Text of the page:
As a result, the regularizers and are added to the model log-likelihood. Hyperparameter is chosen to be large () and is taken to be a small positive number (). This distribution is close to uniform near zero, so it doesn’t affect the learning process significantly.

3.3.4 Missing Features

The optimization objective (11) requires all features of each object at training stage: some of the features will be observed variables at the input of the model and other will be unobserved features used to evaluate the model. Nevertheless, in some problem settings the training data contains missing features too. We propose the following slight modification of the problem (11) in order to cover such problems as well.

The missed values cannot be observed so , where describes the missed value in the data. This requirement means that unobserved features mask depends on the object : . In the reconstruction loss (9) we simply omit the missing features, i. e. marginalize them out:


The proposed modification is evaluated in section 4.2.

4 Experiments

4.1 Synthetic Data

In this section we show that the model is capable of learning a complex multimodal distribution of synthetic data. Let and . where . The distribution is plotted on figure 2. The dataset contains 100000 points sampled from . We use multi-layer perceptron with four ReLU layers of size 400-200-100-50, 25-dimensional Gaussian latent variables.

For different mixture coefficients we visualize samples from the learned distributions , , and . The observed features for the conditional distributions are generated from the marginal distributions and respectively.

Figure 1: Probability density function of synthetic data distribution.
Figure 2: UCM for synthetic data.
UCM weight IS- MC-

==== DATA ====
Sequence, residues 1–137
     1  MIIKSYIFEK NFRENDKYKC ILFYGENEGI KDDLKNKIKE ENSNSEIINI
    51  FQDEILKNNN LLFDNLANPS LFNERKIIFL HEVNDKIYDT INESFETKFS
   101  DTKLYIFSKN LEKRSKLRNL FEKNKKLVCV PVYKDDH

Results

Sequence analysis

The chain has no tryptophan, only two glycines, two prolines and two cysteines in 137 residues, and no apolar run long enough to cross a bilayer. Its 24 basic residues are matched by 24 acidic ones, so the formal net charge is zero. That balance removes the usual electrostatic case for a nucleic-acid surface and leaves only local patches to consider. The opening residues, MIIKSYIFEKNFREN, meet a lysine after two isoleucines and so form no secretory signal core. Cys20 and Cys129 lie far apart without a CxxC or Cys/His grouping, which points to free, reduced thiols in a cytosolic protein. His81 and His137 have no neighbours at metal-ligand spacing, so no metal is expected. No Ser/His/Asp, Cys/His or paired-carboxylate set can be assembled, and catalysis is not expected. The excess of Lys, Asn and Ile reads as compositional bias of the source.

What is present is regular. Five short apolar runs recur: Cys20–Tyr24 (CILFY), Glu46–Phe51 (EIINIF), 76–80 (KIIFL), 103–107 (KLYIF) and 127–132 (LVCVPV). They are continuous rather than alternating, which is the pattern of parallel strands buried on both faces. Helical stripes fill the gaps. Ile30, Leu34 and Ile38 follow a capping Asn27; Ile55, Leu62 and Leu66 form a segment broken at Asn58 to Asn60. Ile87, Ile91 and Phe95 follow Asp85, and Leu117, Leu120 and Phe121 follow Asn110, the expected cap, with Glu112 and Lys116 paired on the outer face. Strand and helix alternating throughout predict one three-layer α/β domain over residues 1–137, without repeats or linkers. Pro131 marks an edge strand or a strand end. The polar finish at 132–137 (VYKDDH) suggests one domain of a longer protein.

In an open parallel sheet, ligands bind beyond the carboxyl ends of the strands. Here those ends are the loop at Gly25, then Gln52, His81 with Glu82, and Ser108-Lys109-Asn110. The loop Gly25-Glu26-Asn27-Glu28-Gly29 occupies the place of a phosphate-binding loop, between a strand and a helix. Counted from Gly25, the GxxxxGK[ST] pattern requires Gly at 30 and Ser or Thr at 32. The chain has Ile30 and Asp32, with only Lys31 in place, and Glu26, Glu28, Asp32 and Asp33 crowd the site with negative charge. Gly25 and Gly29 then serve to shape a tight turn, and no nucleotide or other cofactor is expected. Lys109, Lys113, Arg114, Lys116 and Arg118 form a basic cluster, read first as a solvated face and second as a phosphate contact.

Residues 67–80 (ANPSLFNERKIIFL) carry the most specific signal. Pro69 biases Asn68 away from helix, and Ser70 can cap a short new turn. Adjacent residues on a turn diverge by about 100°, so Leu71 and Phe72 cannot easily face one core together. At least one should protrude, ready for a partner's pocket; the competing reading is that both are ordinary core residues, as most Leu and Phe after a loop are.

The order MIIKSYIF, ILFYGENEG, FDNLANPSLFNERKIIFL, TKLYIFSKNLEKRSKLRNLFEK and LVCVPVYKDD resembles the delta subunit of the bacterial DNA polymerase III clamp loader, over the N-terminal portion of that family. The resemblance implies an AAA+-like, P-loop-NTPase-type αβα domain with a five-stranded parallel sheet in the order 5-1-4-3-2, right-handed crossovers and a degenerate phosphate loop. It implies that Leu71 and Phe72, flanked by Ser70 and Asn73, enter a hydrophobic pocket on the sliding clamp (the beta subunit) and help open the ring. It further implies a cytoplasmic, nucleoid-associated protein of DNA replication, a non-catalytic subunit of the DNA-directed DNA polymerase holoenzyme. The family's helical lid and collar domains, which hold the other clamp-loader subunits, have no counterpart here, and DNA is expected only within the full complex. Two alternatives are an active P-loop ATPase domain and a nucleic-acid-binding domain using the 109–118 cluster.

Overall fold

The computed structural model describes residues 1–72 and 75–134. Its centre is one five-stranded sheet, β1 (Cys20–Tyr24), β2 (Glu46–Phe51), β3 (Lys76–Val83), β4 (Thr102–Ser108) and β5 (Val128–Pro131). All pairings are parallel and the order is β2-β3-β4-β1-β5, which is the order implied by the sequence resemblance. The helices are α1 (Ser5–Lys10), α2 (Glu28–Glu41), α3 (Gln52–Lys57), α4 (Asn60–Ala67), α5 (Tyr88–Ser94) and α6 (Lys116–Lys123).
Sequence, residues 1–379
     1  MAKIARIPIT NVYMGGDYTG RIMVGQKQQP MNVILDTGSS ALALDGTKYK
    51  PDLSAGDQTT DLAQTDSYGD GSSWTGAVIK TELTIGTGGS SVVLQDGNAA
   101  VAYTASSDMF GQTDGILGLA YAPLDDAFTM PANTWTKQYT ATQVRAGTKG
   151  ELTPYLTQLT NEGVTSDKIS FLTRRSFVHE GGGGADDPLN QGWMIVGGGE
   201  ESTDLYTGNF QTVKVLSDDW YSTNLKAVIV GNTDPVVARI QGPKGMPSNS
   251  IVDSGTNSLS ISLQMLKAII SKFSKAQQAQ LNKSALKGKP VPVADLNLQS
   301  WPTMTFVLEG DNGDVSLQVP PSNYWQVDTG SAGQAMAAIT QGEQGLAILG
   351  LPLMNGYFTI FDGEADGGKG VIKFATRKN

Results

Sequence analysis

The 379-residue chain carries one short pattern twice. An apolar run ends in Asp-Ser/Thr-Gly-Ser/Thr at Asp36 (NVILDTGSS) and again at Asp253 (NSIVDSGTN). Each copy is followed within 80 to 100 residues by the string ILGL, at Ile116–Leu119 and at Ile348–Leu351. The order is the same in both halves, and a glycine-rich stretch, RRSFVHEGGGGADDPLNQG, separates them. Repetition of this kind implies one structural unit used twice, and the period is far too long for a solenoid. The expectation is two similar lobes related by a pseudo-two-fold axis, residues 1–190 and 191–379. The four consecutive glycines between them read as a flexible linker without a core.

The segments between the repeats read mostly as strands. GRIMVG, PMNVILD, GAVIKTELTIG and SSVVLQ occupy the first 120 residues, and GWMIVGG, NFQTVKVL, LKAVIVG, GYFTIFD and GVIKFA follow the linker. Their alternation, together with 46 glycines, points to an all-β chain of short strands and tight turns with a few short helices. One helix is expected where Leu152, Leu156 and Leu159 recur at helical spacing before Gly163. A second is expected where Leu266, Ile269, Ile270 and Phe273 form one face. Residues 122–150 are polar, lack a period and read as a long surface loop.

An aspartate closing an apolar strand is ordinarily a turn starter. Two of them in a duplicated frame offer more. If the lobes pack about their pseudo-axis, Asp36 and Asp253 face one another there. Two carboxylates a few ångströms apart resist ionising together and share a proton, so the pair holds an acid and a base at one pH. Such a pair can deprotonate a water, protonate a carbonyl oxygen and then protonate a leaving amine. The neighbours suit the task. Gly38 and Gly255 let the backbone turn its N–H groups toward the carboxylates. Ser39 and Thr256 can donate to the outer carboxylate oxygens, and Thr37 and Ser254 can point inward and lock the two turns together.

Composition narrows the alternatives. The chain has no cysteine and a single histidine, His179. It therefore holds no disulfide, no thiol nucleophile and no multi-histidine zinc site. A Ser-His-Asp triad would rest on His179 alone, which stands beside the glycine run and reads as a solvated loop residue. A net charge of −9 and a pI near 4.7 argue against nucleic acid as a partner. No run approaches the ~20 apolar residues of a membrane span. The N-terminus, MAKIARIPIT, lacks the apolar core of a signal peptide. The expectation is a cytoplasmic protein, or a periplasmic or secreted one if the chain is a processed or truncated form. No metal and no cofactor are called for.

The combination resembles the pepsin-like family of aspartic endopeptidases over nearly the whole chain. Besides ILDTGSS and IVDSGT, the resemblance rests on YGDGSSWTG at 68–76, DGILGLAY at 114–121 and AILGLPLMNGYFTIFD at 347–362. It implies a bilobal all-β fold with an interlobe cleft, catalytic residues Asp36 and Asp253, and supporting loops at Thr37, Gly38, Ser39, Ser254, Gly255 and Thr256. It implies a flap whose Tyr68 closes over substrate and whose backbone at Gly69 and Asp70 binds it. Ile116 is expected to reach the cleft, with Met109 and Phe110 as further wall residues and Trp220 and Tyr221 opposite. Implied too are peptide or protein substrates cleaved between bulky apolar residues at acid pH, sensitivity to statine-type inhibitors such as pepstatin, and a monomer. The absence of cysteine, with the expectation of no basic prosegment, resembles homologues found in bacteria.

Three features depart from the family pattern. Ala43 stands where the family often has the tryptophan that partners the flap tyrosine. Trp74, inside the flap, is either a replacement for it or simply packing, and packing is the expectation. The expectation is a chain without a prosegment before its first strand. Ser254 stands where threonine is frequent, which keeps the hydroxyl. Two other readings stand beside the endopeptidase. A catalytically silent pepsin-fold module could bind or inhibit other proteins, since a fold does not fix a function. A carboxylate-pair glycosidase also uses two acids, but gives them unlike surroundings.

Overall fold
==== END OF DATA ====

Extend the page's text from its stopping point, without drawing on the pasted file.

Table 1: Negative log-likelihood estimation of a hybrid model on the synthetic data. IS- refers to Importance Sampling log-likelihood estimation with samples for each object (5). MC- refers to Monte-Carlo log-likelihood estimation with samples for each object (4).

We see in table 1 and on figure 2, that even with very small weight GSNN prevents model from learning distributions with several local optimas. GSNN also increases low-samples Monte-Carlo log-likelihood estimation and decreases much more precise Importance Sampling log-likelihood estimation. When the whole distribution structure is lost.

We see that using ruins multimodality of the restored distribution, so we highly recommend to use or at least . Further in the experiments we use .

4.2 Missing Features Imputation

The datasets with missing features are widespread. Consider a dataset with -dimensional objects where each feature may be missing (which we denote by ) and their target values . The majority of discriminative methods do not support missing values in the objects. The procedure of filling in the missing features values is called missing features imputation.